The LZ-1 was stored for the winter, but in January 1901 a violent storm damaged the hanger, ripping open the side of the airship, badly twisting the framework. By May newspapers around the world reported that Count Zeppelin's company was forced to liquidate its assets. The LZ-1 was sold for scrap. 

{For a more complete history on the Luftschiffbau Zeppelin 1, (LZ-1) as well as
other history of lighter-than-air aviation, I recommend this website:}

Yet Ferdinand persisted and found another engineer to redesign his next airship. It would take five more years, but in January 1906 he released the LZ-2 which became the model for all of Zeppelin's future airships. Unfortunately, despite some success, this second ship had a short life. It was closely followed by the LZ-3 which made its maiden flight in October 1906, and continued making many long distance flights, often with passengers like the German Crown Prince, until its retirement in 1913. 

My particular interest in zeppelins is in the art of airships found on postcards during this pioneering era of flight. This was a few years before the advent of heavier-than-air aviation, as the Wright brothers did not demonstrate their first practical airplane until 1908 when they brought it to France and then Germany. Before their American flying machine, the real marvel of the air was the German zeppelin. That was the future of powered flight. 


The reason that Count Zeppelin used Lake Constance for his airship's tests was primarily for safety. The airship was constructed with polygonal aluminum framing that supported 17 gas cells made from rubberized cotton to provide lift from hydrogen, a very explosive gas. Two 14.2 hp benzine engines powered four propellers on either side of the cylindrical superstructure. As a test site, the lake provided more predictable winds and was clear of any obstacles. And in case of a crash, boats were able to arrive faster on water than wagons on land. Count Zeppelin and his engineers were testing a technology that came without a manual. Constructing a lighter-than-air machine was only part of the challenge. Learning how to operate in the sky's three dimensions was a far more difficult experiment. How would an airship behave in strong wind? How would the hydrogen gas react to heat or cold as the craft ascended and descended? How much power was needed to maneuver this huge cylinder and point it to where you wanted to go? These were just a few questions that could only be answered by test flights.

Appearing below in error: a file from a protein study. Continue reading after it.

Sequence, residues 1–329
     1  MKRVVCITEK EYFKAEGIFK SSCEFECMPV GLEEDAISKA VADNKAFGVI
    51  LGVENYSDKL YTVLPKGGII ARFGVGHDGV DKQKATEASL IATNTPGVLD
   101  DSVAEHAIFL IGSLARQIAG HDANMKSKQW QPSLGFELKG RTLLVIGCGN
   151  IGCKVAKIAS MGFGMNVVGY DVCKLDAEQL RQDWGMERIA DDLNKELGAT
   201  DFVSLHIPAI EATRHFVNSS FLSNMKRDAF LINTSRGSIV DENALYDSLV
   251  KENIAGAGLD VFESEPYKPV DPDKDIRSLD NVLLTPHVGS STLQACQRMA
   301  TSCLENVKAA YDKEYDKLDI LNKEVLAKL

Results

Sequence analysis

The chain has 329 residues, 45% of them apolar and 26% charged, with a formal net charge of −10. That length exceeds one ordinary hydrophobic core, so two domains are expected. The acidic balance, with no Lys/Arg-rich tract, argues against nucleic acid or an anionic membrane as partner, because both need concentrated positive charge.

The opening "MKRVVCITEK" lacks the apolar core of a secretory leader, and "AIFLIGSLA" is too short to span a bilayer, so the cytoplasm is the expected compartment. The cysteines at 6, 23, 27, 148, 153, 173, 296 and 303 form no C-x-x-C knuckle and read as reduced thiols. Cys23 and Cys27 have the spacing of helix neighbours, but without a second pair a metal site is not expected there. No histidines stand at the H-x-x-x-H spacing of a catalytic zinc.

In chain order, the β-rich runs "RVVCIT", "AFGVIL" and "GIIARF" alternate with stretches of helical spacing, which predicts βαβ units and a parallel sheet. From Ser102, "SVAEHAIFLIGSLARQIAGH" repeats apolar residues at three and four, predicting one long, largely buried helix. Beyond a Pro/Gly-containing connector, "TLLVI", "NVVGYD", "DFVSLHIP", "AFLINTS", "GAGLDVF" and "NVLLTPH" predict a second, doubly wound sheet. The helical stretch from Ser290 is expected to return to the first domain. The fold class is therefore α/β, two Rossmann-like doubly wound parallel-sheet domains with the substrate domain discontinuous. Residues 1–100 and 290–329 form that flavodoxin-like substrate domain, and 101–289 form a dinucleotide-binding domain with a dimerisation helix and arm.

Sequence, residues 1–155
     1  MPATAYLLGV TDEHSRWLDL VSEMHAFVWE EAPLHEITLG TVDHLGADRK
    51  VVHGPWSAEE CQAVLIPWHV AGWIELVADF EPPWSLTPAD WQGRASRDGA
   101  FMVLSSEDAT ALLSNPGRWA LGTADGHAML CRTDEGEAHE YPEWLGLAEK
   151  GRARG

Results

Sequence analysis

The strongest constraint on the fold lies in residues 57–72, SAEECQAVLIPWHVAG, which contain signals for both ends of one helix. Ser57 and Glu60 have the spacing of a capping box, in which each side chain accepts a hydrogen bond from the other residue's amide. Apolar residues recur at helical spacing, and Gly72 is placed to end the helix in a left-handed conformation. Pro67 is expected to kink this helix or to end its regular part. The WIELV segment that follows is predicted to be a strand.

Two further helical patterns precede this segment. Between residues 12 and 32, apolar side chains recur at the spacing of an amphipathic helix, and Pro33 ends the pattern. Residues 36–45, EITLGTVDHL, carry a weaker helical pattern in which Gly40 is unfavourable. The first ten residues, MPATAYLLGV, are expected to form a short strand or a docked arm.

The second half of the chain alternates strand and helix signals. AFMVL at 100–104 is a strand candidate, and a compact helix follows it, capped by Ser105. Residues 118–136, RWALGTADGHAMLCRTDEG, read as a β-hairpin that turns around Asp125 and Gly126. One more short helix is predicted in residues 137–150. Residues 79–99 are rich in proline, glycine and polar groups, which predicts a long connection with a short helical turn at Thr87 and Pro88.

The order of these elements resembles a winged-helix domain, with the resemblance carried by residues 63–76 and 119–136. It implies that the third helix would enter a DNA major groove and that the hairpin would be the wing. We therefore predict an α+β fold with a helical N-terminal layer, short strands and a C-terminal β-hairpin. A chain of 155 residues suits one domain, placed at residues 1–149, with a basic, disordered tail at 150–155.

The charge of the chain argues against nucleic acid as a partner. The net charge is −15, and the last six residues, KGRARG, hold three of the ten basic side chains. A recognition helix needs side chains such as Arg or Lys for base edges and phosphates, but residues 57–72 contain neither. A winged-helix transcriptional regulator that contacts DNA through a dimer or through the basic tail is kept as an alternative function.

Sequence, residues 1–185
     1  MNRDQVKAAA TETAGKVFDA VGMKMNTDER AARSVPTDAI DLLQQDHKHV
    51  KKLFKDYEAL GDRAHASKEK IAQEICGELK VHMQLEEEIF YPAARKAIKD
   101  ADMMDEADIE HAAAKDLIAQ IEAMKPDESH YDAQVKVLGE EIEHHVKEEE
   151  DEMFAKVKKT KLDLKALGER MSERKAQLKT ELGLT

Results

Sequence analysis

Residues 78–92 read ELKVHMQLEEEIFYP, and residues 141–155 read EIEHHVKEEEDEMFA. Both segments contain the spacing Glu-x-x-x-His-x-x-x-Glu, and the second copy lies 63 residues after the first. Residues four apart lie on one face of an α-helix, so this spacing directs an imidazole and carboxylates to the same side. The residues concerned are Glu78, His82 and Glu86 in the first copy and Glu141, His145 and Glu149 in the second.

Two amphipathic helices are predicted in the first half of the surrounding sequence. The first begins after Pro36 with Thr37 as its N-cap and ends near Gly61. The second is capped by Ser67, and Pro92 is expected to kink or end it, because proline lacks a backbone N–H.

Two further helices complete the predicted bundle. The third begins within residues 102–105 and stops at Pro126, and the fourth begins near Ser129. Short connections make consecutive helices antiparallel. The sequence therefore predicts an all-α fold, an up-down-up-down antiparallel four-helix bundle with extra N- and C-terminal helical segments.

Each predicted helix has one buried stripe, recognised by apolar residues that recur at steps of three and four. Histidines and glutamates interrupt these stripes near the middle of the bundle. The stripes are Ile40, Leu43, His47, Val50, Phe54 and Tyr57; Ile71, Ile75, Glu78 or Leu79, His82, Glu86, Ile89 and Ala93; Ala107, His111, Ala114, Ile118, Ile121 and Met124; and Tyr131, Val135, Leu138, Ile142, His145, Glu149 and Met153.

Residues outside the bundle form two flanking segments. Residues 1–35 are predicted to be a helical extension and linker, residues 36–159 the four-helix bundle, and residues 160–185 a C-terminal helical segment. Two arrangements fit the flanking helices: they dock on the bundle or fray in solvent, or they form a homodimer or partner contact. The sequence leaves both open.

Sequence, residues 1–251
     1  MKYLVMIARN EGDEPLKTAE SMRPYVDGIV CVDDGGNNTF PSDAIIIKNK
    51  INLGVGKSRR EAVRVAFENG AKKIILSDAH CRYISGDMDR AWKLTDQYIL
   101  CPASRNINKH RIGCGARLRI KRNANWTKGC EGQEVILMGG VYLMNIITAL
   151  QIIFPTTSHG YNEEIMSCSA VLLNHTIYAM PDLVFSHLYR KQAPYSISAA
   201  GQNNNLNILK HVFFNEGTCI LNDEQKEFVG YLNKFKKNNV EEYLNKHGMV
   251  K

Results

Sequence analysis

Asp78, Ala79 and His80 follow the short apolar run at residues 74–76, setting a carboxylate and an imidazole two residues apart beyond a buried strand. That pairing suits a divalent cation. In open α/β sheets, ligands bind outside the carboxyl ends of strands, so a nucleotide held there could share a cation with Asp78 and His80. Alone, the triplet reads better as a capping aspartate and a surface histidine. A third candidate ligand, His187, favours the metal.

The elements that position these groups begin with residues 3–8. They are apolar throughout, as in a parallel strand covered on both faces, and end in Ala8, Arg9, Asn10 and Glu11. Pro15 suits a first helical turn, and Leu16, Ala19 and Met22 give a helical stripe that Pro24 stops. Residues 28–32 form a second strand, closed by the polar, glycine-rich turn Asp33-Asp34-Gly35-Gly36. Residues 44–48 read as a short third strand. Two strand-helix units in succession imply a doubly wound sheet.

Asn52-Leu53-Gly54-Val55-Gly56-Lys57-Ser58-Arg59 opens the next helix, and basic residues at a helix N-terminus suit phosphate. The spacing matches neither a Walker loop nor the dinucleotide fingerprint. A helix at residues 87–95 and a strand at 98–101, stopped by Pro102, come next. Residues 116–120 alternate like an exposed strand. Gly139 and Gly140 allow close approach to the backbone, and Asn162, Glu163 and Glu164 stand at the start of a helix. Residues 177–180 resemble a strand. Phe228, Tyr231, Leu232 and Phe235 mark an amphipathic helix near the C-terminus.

Here Graf Zeppellin's lenkbares Luftschiff - steerable airship, is depicted flying over Bregenz, Austria which is at the southeast end of Lake Constance, about 18 miles from Friedrichshafen. The artist created a birds-eye view which gives the zeppelin a dramatic perspective over the city. This postcard was sent to Herrn Victor Streichert of Graz, Austria with an Austrian postmark of 1 October 1901 which is a curious date. By the end of 1901, Zeppellin's company had dissolved and the LZ-1 taken apart for scrap. And the LZ-1 had never flown so far as Bregenz. This illustration was probably made the previous year when the townsfolk of Bregenz had optimistically promoted airship travel over the Bodensee, and no doubt consider Graf Zeppelin a second cousin if not son. 

* * *

In this next postcard illustration Graf Zeppelin's Luftschiff is in voller Fahrt - full speed over an unnamed city whose inhabitants are cheering it along. Much like a whale, a zeppelin was clearly a wonder just because of its great size. How could something so large stay up in the air? The early designs had only two propellers, or screws as they were often called then, on each side of the airship. From the ground they were too small to see and actually had difficulty pushing the craft so the zeppelin moved rather slowly. The LZ-1 had a calculated maximum speed of only 27 km/h (17 mph). The engines on the LZ-2 and LZ-3 increased in horsepower by nearly 6 times more, but still their best speed was a leisurely 40 km/h (25 mph). But I think the pedestrian pace gave the airships a less threatening appearance and made them more acceptable to a skeptical public.

This postcard was sent with a message hand-dated 1 June 1904 to a young lady in Duisburg, Germany a city situated at the junction of the Rhine and Ruhr rivers. This is four years after the flight of LZ-1 and a year and a half before LZ-2 would take its first flight in January 1906.

* * *